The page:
Second, the interests at stake favored overruling precedent far more convincingly in this case than on other occasions in which the Court had overruled precedent.71×71. Ramos, 140 S. Ct. at 1409 (Sotomayor, J., concurring). Justice Sotomayor pointedly noted that the Court had not hesitated to overrule precedents with massive regulatory consequences in recent years, citing Janus v. AFSCME, Council 31, 138 S. Ct. 2448 (2018), as an example. Here, in the context of criminal procedure rules that implicated fundamental constitutional protections, “stare decisis is at its nadir.”72×72. Ramos, 140 S. Ct. at 1409 (Sotomayor, J., concurring) (quoting Alleyne v. United States, 570 U.S. 99, 116 n.5 (2013)). The Court should not hesitate to overturn precedent when “the State’s power to imprison” hung in the balance.73×73. Id. Third, the racially biased origins of the Louisiana and Oregon laws should weigh heavily.74×74. Id. at 1410. While many laws are entangled with some history of racial bias, both the racial animus that originally motivated the law’s passage and the legislature’s failure to grapple with its legacy should diminish the status of precedents that uphold it.75×75. Id.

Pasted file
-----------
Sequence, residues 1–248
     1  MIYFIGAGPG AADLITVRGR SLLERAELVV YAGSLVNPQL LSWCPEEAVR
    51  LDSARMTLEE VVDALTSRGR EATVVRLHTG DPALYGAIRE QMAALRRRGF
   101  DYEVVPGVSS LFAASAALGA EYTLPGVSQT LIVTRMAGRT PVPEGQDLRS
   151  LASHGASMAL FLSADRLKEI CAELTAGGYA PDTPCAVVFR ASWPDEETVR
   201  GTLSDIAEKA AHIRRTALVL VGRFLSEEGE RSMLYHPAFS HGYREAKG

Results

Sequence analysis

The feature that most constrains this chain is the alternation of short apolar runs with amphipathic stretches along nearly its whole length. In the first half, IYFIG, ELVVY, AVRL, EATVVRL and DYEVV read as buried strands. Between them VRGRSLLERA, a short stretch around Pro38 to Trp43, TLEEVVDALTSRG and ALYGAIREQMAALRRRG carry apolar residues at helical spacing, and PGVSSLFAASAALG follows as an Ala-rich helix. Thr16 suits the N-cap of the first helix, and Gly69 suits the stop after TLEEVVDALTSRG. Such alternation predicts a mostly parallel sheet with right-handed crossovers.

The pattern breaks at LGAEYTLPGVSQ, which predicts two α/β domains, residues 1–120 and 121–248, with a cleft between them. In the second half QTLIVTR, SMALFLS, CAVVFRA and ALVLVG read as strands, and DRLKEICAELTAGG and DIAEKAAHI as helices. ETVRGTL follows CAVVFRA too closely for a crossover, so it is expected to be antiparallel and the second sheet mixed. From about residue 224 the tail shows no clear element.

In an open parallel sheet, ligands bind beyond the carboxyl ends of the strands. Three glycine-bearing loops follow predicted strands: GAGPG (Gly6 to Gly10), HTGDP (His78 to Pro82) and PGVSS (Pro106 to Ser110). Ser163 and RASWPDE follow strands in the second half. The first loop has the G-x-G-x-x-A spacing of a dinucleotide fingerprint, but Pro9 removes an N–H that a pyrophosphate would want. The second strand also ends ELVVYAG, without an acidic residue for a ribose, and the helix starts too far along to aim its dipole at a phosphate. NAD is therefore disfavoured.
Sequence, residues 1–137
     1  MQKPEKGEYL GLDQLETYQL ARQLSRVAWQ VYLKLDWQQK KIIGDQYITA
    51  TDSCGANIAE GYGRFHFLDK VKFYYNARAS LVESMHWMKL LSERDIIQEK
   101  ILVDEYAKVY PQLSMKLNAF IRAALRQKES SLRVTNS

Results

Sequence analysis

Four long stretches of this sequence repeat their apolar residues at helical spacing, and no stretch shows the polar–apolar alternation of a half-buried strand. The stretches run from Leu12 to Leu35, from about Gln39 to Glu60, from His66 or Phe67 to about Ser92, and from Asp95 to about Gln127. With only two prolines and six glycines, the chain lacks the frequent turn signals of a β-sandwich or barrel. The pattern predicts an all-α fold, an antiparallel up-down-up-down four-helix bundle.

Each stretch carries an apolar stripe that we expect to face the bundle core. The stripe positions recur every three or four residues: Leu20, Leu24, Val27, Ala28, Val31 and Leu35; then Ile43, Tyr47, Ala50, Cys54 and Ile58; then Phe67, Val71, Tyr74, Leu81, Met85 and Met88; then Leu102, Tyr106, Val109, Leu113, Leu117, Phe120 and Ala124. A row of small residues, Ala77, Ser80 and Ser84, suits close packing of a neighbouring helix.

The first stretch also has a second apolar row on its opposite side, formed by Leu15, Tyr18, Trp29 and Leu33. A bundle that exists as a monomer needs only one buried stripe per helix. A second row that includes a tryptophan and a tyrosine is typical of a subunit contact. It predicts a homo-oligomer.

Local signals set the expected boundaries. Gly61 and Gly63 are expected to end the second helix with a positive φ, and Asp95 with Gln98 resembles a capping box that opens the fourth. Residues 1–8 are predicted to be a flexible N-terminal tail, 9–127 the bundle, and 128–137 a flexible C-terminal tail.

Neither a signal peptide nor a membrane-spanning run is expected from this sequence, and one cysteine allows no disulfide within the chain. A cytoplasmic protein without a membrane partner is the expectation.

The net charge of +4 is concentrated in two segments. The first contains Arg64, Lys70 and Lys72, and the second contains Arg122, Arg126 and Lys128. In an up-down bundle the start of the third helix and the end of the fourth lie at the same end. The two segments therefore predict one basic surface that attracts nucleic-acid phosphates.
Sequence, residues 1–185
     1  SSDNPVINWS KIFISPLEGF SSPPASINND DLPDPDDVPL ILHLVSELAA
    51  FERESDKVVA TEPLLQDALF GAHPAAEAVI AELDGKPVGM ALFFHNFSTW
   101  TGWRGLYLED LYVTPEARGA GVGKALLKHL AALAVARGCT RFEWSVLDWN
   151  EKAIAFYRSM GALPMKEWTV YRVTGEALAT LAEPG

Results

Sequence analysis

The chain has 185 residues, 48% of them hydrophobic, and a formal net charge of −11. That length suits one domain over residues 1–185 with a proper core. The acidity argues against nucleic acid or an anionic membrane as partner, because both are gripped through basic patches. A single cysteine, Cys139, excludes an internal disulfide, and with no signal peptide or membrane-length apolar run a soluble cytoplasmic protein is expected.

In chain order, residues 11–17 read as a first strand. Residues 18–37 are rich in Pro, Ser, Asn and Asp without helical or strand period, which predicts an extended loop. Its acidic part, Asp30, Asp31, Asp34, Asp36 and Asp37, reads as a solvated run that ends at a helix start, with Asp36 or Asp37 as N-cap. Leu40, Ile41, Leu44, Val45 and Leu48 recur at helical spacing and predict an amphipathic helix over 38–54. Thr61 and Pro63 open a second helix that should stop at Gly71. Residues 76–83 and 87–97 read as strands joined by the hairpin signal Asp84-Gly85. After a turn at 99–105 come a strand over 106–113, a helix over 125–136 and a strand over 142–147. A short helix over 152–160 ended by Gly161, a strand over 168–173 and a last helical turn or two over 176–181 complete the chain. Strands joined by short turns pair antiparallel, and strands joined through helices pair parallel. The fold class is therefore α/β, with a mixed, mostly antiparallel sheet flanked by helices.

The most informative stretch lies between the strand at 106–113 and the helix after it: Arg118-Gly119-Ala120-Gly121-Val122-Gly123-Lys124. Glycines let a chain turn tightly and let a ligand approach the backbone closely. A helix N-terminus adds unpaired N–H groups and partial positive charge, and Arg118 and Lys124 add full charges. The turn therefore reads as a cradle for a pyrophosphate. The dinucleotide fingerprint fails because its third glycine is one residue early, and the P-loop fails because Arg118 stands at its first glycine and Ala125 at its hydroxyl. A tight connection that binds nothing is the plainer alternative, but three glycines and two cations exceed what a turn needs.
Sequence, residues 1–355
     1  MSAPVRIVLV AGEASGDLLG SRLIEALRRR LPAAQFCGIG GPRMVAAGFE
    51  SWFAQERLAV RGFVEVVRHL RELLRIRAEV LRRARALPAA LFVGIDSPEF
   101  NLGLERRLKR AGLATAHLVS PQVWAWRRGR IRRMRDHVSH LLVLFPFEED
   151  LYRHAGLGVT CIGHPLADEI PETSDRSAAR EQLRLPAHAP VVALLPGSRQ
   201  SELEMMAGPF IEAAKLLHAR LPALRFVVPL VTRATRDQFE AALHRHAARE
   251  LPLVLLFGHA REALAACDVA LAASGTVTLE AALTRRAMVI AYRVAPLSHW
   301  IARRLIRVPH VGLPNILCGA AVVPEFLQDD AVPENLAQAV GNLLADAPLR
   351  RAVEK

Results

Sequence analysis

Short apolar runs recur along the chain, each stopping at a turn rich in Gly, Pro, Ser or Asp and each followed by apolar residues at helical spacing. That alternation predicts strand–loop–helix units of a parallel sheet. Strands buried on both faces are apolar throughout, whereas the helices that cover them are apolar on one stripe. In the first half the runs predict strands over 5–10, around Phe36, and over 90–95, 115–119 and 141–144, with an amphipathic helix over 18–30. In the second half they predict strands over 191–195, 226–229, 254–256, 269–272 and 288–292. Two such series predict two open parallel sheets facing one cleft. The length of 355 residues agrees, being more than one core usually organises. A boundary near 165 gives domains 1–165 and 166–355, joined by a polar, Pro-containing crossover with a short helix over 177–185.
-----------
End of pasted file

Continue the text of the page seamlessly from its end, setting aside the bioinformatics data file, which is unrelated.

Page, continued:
Justice Kavanaugh also concurred, expounding at length on his theory of stare decisis.76×76. See id. at 1410; 1414–19 (Kavanaugh, J., concurring in part). Justice Kavanaugh joined Justice Gorsuch’s opinion except for Parts II-B, IV-A, IV-B-2, and V. Part II-B argued that Apodaca itself recognized that the Sixth Amendment required unanimity. Id. at 1398–99 (plurality opinion). Part IV-A denied that the Marks rule applied to Apodaca and that Apodaca had precedential force. See id. at 1402–04. Part IV-B-2 reasoned that reliance interests did not favor upholding Apodaca. Id. at 1407–08. Part V brought together the arguments from the rest of the opinion. See id. at 1408. Noting that every current member of the Court had previously voted to overrule precedent, Justice Kavanaugh reasoned that while adherence to precedent is typically desirable, special circumstances may warrant overruling it.77×77. Id. at 1411 (Kavanaugh, J., concurring in part). His opinion laid out three criteria that he believed to be critical in evaluating whether to overturn precedent: (1) whether the prior decision was egregiously wrong, (2) whether it caused significant negative jurisprudential or real-world consequences, and (3) whether it would unduly upset reliance interests.78×78. Id. at 1414–15. Here, Justice Kavanaugh found that while Apodaca had precedential force, it was egregiously wrong; that it had resulted in the conviction of defendants who would otherwise walk free; and that the reliance interests in favor of upholding the decision were minimal.79×79. Id. at 1416–19. He made clear that the racist origins of the nonunanimity rule were “significant to [his] analysis” and strongly supported overruling Apodaca.80×80. Id. at 1417. As part of his analysis of Louisiana’s reliance interests, Justice Kavanaugh also addressed the retroactivity question: whether Ramos should apply to defendants whose convictions had already been finalized. In Justice Kavanaugh’s view, Ramos should not apply retroactively because it was neither a substantive rule of criminal law nor a “watershed” rule of criminal procedure.81×81. Id. at 1419–20 (quoting Teague v. Lane, 489 U.S. 288, 311 (1989)).